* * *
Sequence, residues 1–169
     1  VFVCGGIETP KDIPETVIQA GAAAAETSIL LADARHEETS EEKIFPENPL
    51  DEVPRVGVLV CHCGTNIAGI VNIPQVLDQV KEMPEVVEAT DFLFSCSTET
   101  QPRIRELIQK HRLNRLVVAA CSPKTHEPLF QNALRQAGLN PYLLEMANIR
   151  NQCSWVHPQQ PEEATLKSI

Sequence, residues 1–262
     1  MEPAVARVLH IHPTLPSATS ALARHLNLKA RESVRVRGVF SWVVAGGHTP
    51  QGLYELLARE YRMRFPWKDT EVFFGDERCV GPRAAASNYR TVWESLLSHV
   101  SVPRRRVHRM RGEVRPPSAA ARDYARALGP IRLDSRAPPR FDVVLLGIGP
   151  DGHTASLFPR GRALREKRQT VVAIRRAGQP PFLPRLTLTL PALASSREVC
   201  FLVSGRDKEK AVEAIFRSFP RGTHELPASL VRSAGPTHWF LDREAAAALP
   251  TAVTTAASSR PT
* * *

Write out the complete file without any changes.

Sequence, residues 1–169
     1  VFVCGGIETP KDIPETVIQA GAAAAETSIL LADARHEETS EEKIFPENPL
    51  DEVPRVGVLV CHCGTNIAGI VNIPQVLDQV KEMPEVVEAT DFLFSCSTET
   101  QPRIRELIQK HRLNRLVVAA CSPKTHEPLF QNALRQAGLN PYLLEMANIR
   151  NQCSWVHPQQ PEEATLKSI

Sequence, residues 1–262
     1  MEPAVARVLH IHPTLPSATS ALARHLNLKA RESVRVRGVF SWVVAGGHTP
    51  QGLYELLARE YRMRFPWKDT EVFFGDERCV GPRAAASNYR TVWESLLSHV
   101  SVPRRRVHRM RGEVRPPSAA ARDYARALGP IRLDSRAPPR FDVVLLGIGP
   151  DGHTASLFPR GRALREKRQT VVAIRRAGQP PFLPRLTLTL PALASSREVC
   201  FLVSGRDKEK AVEAIFRSFP RGTHELPASL VRSAGPTHWF LDREAAAALP
   251  TAVTTAASSR PT